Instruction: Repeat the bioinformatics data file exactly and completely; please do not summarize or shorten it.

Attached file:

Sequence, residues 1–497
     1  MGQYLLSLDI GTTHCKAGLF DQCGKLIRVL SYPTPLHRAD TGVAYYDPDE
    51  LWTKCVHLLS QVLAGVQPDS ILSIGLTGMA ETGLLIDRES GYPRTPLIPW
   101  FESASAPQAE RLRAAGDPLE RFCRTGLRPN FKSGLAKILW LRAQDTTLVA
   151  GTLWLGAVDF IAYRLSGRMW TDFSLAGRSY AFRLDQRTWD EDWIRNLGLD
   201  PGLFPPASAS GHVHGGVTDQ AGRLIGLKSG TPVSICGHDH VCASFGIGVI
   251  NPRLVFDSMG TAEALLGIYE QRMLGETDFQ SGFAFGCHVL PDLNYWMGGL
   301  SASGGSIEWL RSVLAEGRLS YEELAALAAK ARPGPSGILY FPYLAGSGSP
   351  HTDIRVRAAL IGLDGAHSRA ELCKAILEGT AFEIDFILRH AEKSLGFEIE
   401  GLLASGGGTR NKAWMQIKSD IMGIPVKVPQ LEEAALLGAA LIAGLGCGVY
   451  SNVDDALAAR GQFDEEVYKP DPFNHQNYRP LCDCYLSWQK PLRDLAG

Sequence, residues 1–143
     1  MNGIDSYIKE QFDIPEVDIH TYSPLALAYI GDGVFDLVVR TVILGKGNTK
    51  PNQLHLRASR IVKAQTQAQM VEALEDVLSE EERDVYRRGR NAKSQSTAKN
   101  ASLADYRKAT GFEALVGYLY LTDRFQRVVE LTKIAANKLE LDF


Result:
Sequence, residues 1–497
     1  MGQYLLSLDI GTTHCKAGLF DQCGKLIRVL SYPTPLHRAD TGVAYYDPDE
    51  LWTKCVHLLS QVLAGVQPDS ILSIGLTGMA ETGLLIDRES GYPRTPLIPW
   101  FESASAPQAE RLRAAGDPLE RFCRTGLRPN FKSGLAKILW LRAQDTTLVA
   151  GTLWLGAVDF IAYRLSGRMW TDFSLAGRSY AFRLDQRTWD EDWIRNLGLD
   201  PGLFPPASAS GHVHGGVTDQ AGRLIGLKSG TPVSICGHDH VCASFGIGVI
   251  NPRLVFDSMG TAEALLGIYE QRMLGETDFQ SGFAFGCHVL PDLNYWMGGL
   301  SASGGSIEWL RSVLAEGRLS YEELAALAAK ARPGPSGILY FPYLAGSGSP
   351  HTDIRVRAAL IGLDGAHSRA ELCKAILEGT AFEIDFILRH AEKSLGFEIE
   401  GLLASGGGTR NKAWMQIKSD IMGIPVKVPQ LEEAALLGAA LIAGLGCGVY
   451  SNVDDALAAR GQFDEEVYKP DPFNHQNYRP LCDCYLSWQK PLRDLAG

Sequence, residues 1–143
     1  MNGIDSYIKE QFDIPEVDIH TYSPLALAYI GDGVFDLVVR TVILGKGNTK
    51  PNQLHLRASR IVKAQTQAQM VEALEDVLSE EERDVYRRGR NAKSQSTAKN
   101  ASLADYRKAT GFEALVGYLY LTDRFQRVVE LTKIAANKLE LDF